(New York) – Vietnam should postpone the application of the Law on Cyber Security and revise it to bring it to conformity with international law, Human Rights Watch said today. The National Assembly passed this highly problematic law in June 2018. In November, the Public Security Ministry published a draft decree with detailed instruction for carrying out the law and invited public comments until January 2, 2019.
Under the Law on Cyber Security, service providers must store data locally, “verify” user information, and disclose user data to authorities without the authorities having to produce a court order. The draft decree has a sweeping definition of user data.
“This cyber security law is designed to further enable the Ministry of Public Security’s pervasive surveillance to spot critics, and to deepen the Communist Party’s monopoly on power,” said Phil Robertson, deputy Asia director. “If this law is enacted, anyone who uses the internet in Vietnam will have zero privacy.”
The cyber security law and draft decree’s data retention, localization, and surveillance provisions would facilitate greater access to user data by abusive security bureaus and law enforcement authorities, without adequate safeguards for privacy, fair trial rights, and other rights.
Data to be stored is far more than basic subscriber data. It includes, under article 24 in the draft decree, a person’s “full name, date of birth, place of birth, nationality, profession, position, place of residence, contact address, email address, phone number, identity card number, individual identification code, citizen identification number, passport number, social insurance card number, credit card number, health status, medical file, and biometrics file.” The decree, in the same article, also requires companies to store the content of user’s posts, emails, and other “information chosen for upload, sync or import from device,” and information about contacts and relationships like “friends [and] groups that users connect with or interact with.”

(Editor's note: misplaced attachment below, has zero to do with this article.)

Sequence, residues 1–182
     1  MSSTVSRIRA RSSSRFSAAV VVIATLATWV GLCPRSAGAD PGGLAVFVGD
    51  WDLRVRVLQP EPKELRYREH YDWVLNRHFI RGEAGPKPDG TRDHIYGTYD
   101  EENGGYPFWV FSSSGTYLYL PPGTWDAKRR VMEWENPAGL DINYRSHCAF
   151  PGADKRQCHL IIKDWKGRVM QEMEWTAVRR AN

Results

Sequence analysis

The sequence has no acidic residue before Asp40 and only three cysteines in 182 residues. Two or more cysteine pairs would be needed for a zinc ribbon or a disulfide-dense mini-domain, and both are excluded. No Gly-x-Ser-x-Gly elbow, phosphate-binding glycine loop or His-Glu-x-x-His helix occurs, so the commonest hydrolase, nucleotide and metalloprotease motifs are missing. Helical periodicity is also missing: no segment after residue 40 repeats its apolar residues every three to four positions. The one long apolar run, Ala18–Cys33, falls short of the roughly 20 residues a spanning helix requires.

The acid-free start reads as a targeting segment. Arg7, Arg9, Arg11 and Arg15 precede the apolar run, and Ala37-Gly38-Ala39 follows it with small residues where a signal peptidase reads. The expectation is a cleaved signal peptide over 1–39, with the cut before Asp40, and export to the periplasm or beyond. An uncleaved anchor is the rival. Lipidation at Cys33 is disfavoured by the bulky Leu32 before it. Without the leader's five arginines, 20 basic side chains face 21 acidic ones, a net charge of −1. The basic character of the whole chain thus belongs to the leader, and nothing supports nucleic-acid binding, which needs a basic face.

The draft decree also requires a broad range of companies that provide online or telecommunications services in Vietnam to open branches or offices in Vietnam “within 12 months upon receiving requests from minister of public security,” under article 29. This requirement will sweep in not only major social media and email providers, but also e-commerce websites, online payment services, domain name providers, video game companies, and data storage companies. Under article 26, companies must store user data for as long as they operate or until they no longer provide the service, and user content and contact lists for 36 months.
The new law has been widely criticized both in Vietnam and internationally. Within four months after the law was passed, almost 70,000 people had signed an online petition to urge the government to postpone and revise it.
In September, 32 members of the European Parliament sent a joint letter to Federica Mogherini, the European high representative for foreign affairs and security policy, and Cecilia Malmström, the European Union commissioner for trade, “to ask for more human rights progress in Vietnam.” The letter said that Vietnam should “revise the Law on Cyber Security and bring it into compliance with international human rights standards, including the International Covenant on Civil and Political Rights (ICCPR), to which Vietnam is a state party since 1982.”
The human rights situation in Vietnam has deteriorated in 2018. The authorities convicted at least 41 rights activists and bloggers and sentenced them to many years in prison, including Le Dinh Luong, Nguyen Van Tuc, Nguyen Trung Truc, Nguyen Trung Ton, Truong Minh Duc, Nguyen Bac Truyen, Pham Van Troi, Tran Hoang Phuc, Ho Van Hai (Dr. Ho Hai), Luu Van Vinh, Nguyen Van Duc Do, Hoang Duc Binh, and many others. The police are holding at least 19 other people in pre-trial detention for exercising their civil and political rights.
In June, thousands of people took to the streets in several cities to protest a draft law on special economic zones and the draft Law on Cyber Security. There were reports that the police assaulted many people and made dozens of arrests. By November, at least 127 people had been convicted for participating in the protest. Sentences ranged from several months, suspended, to five years in prison.
“Vietnam’s Law on Cyber Security and the accompanying decree trample on individual privacy in direct defiance of Hanoi’s promises to the European Union to respect rights,” Robertson said. “EU member states should postpone any vote on the free trade agreement with Vietnam until it revises this law and shows concrete and measurable improvements to its abysmal rights record.”
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